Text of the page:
Freddie had no interest at all in hunting, but he did like shooting guns, which ended up being the reason our relationship progressed past the first date. He had an interest in a facet, albeit small, of what my hunting life entailed.

Before you write your city boy off as “not country enough,” introduce him to your life a small bit at a time. Take him along with you to your local skeet-shooting range, teach him about firearms or even take a shooting class together. If you’re perfecting your archery technique in your back yard, urge him to join you or take a turn at slinging a couple of arrows down range.

Most importantly, if he shows any interest in learning to hunt or shoot, take the time to teach him or learn again with him. If he needs to take a hunter safety or a basic shooting class, take it with him, even if you already have.

If your guy shows an interest in archery, bring him out to the range and give him pointers!

If your guy shows an interest in archery, bring him out to the range and give him pointers!

Don’t forget to be true to yourself. Freddie believed that I’d abandon my hunting ways in favor of working out thrice daily and surviving on wheatgrass, which, obviously, was absurd. Before I was blessed with meeting my quack-a-holic husband, I’d meet many guys who thought it was cool that I hunted, until my schedule clashed with theirs or I had to miss Friday night dates in favor of cleaning the esteemed members of my gun safe.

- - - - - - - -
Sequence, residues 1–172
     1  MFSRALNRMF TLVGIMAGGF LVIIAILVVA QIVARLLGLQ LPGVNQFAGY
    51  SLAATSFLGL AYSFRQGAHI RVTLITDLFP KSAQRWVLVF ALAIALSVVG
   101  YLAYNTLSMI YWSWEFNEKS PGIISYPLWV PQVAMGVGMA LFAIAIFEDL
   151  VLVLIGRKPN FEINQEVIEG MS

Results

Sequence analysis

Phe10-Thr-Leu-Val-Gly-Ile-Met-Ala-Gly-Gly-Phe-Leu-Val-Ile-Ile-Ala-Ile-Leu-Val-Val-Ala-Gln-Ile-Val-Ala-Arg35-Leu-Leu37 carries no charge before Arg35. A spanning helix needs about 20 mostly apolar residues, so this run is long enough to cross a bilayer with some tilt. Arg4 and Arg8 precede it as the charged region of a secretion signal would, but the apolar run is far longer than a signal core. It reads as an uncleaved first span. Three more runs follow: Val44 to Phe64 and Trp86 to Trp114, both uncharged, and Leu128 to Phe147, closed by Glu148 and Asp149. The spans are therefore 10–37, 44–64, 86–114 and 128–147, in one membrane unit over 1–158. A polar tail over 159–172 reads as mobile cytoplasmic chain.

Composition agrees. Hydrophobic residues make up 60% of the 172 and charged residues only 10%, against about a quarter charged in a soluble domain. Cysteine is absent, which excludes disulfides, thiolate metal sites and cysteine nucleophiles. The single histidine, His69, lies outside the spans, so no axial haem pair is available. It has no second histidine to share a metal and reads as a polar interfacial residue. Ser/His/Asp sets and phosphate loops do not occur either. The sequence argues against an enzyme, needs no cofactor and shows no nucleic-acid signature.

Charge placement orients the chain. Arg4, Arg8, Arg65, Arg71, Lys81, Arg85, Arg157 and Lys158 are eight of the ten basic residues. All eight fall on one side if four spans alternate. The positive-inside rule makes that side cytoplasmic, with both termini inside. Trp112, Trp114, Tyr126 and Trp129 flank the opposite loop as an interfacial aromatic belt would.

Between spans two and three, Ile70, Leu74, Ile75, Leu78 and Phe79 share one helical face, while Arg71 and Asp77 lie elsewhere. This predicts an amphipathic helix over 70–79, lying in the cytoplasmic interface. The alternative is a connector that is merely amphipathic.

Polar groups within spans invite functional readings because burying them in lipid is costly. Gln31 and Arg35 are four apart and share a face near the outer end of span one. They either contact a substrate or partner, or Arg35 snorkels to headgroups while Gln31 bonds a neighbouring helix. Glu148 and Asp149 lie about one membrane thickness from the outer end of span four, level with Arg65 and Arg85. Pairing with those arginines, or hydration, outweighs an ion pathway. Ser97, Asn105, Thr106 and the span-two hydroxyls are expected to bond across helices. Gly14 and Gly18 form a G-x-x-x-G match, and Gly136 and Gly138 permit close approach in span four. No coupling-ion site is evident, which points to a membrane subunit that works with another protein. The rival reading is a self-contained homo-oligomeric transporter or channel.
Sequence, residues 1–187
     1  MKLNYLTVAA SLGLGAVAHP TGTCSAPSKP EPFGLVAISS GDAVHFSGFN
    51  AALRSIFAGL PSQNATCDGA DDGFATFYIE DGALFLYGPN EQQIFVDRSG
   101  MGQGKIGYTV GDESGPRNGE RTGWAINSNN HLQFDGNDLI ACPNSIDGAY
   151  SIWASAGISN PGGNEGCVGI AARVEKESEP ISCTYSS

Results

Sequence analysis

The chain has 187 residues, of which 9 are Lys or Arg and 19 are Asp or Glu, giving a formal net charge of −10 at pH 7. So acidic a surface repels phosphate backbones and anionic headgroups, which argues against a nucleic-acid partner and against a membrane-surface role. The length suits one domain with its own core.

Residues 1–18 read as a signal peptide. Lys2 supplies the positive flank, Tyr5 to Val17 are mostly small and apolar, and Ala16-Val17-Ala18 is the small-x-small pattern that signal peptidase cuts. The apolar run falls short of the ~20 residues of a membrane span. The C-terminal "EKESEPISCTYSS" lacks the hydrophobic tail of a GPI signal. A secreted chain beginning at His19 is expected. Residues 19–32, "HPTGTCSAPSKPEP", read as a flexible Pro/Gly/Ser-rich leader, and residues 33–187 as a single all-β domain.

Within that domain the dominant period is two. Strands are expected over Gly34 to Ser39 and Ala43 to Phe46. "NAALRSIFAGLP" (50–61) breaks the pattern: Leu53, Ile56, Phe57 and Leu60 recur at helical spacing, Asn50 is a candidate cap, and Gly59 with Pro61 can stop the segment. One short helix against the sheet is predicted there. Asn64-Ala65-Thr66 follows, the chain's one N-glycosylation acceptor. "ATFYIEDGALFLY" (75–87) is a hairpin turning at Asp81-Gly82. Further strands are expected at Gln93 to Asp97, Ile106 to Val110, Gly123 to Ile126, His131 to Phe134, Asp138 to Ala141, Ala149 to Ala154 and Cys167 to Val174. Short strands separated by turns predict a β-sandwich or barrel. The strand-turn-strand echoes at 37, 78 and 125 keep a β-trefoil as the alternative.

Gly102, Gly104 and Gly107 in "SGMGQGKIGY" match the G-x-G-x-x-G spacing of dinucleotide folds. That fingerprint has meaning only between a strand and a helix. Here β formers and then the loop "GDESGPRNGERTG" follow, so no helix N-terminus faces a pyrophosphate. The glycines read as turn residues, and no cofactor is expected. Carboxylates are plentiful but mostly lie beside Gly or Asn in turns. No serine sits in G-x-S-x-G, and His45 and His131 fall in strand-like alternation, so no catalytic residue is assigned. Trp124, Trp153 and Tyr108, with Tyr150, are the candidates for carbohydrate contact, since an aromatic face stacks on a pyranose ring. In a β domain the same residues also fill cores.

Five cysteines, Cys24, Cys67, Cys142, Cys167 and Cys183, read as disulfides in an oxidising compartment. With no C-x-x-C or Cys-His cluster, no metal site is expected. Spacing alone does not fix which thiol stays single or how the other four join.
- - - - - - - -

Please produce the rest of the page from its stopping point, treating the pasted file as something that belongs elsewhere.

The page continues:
Your city boy may be exactly what you need in order to expand your horizons, and, who knows? You may have found your perfect hunting buddy hiding in a city suit and spare change loafers.

 

This retro WON column was first published on July 11, 2013. 

Ask Writing Huntress is sponsored by SportDOG.

Ask Writing Huntress is sponsored by SportDOG.

The Conversation

4 Comments
  • Vera Koo says: January 19, 2014 at 3:04 pm

    I loved your article, you are so funny and energetic in your writing. I am one that is all for straight forwardness and humor. I really enjoyed reading it! Looking forward to see more of it.

  • Ghost of 503 says: October 23, 2013 at 3:16 am

    Or just think that hunting can be “your” thing, while he has his things that you’re probably not too into, and learn to live & let live

  • Julie says: July 23, 2013 at 7:35 pm

    This was fantastic! I like that you really took an “honest” approach – to be straightforward, and to still be yourself and to let him know that this is what your interests are, and not just giving up something that you love. Also loved the many ways to introduce your guy to hunting…especially cooking up the harvest..that’s one everyone can appreciate!

  • Aili says: July 15, 2013 at 11:18 am

    This is great! I would add that there’s millions of “hunting widows,” “football widows.” and numerous other labels that women put on themselves when their husbands have hobbies that take them away from the next for big slices of “pie.” Why not men? Because they’re culturally accustomed to being the center of attention. This is why “mixed marriages” often don’t work.
    “Mr. Right” will encourage you to meet new challenges, will support your efforts to gain skills and pursue your interests, and do it selflessly. It took me 37 years to meet my “Mr. Right,” and in the beginning he didn’t share many of my hobbies – and he still doesn’t share them all – but he did take to shooting, hunting, and hiking, which are probably the most important for us to get any together time at all. Don’t write off City Boy until he has a chance, and good luck!!